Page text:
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Hospice apprentice with the South Asian community
  1. Steve Davison1,
  2. Sikander Hussaine1 and
  3. Vanessa Taylor2
  1. 1Manorlands Hospice Sue Ryder, West Yorkshire, UK
  2. 2University of Bradford, Bradford, UK


Presentation aim To explore the implications for hospices of a 3 year DH funded project based at Sue Ryder Manorlands Hospice with the twin aims of

  • Increasing the access for specialist Palliative care from the South Asian community

  • Achieving the first aim by recruiting 10 unemployed people from the South Asian Community to 12 month apprenticeships with an NVQ in Health and Social care.

Methodology It is recognised nationally that there is a very low uptake of specialist palliative care services from people from various ethnic minority backgrounds and also a significant problem in recruiting skilled healthcare staff from these same communities. Various research studied have identified the problems but little work has been undertaken to find practical solutions to engaging effectively with these communities. The project is set in an area of high deprivation and high levels of unemployment within the South Asian community.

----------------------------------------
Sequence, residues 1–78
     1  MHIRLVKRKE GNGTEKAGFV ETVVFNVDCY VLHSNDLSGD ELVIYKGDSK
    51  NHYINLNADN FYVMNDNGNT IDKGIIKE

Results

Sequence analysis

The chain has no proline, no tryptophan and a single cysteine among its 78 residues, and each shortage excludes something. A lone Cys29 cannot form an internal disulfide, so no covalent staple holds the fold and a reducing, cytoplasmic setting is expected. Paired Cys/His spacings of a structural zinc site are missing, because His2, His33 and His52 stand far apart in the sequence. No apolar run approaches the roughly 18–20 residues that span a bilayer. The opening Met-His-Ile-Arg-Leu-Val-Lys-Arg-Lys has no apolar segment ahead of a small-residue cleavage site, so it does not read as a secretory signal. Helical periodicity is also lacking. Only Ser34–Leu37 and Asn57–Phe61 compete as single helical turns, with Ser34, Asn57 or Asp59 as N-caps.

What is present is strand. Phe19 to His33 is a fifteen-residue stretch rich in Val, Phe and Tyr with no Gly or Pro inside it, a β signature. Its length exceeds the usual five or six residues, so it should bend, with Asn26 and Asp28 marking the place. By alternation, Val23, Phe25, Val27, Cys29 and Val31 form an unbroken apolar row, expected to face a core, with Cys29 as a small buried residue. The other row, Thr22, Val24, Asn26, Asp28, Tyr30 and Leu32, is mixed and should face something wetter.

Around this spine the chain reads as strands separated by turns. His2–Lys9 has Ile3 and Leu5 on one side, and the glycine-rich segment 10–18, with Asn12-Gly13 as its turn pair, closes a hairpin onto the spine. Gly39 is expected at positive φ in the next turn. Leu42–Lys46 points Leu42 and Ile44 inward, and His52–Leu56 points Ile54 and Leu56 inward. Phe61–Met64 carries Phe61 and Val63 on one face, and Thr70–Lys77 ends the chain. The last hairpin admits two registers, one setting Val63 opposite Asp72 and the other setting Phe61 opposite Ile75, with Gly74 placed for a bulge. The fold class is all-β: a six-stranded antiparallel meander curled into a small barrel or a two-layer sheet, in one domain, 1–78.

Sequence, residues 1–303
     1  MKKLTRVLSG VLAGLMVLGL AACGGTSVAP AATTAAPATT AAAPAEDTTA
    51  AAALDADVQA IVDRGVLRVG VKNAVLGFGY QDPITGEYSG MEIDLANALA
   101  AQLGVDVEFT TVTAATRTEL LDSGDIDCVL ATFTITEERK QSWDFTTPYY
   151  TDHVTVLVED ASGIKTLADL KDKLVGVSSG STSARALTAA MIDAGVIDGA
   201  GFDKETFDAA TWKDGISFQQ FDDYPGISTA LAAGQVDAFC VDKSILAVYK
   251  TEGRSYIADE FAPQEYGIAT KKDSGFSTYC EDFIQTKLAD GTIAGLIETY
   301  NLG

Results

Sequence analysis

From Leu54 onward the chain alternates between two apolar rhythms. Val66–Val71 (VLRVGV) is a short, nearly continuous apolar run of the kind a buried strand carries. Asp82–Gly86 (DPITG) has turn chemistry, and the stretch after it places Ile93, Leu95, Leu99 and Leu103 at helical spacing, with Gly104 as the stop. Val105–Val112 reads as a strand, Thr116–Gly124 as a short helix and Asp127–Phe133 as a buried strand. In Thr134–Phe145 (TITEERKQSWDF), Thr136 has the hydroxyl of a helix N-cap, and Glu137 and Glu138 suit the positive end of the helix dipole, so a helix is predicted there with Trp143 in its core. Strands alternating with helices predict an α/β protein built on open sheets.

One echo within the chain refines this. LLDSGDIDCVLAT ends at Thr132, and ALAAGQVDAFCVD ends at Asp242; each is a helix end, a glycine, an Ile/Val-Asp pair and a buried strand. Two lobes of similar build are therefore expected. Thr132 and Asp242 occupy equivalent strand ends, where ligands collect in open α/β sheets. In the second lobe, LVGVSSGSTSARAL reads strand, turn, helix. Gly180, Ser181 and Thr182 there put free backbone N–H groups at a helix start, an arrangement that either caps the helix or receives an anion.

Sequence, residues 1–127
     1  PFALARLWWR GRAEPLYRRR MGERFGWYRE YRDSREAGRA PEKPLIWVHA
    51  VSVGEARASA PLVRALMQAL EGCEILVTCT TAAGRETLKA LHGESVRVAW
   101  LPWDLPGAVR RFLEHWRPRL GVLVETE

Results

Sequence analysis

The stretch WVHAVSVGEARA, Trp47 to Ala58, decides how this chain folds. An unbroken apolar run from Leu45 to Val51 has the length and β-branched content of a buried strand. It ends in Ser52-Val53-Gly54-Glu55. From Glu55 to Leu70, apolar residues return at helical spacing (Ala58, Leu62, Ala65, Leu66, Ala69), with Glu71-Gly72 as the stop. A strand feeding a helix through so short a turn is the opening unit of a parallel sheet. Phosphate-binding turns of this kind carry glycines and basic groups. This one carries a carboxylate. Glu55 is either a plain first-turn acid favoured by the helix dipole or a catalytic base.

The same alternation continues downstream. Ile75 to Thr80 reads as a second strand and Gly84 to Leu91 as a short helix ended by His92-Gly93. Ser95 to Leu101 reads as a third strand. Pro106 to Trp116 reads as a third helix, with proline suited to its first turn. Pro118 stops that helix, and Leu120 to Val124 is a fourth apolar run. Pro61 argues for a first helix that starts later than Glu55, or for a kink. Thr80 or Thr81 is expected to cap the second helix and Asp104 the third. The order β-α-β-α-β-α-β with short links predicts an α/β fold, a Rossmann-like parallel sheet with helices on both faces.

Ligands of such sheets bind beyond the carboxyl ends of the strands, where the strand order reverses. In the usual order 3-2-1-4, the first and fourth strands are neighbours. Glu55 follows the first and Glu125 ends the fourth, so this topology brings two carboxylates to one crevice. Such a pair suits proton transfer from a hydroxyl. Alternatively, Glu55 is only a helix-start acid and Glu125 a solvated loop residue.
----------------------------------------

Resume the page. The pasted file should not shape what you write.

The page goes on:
Working in partnership with the PCT and local community organisations the project takes a community development approach to recruit unemployed people from these communities into apprenticeship posts which will give them the skills and qualifications in Health and Social care. As part of their apprenticeship each student is involved in developing shared understanding, new ways of working together as well as breaking down the barriers between the South Asian community and the various statutory and voluntary sector healthcare organisations involved in palliative care.

Results An independent evaluation is being undertaken by the University of Bradford and the results of their interim report are used as the basis for this presentation.

Conclusion The research demonstrates a practical model which can be adapted by any hospice who wants to increase access to hard to reach communities and improve recruitment from similar groups.

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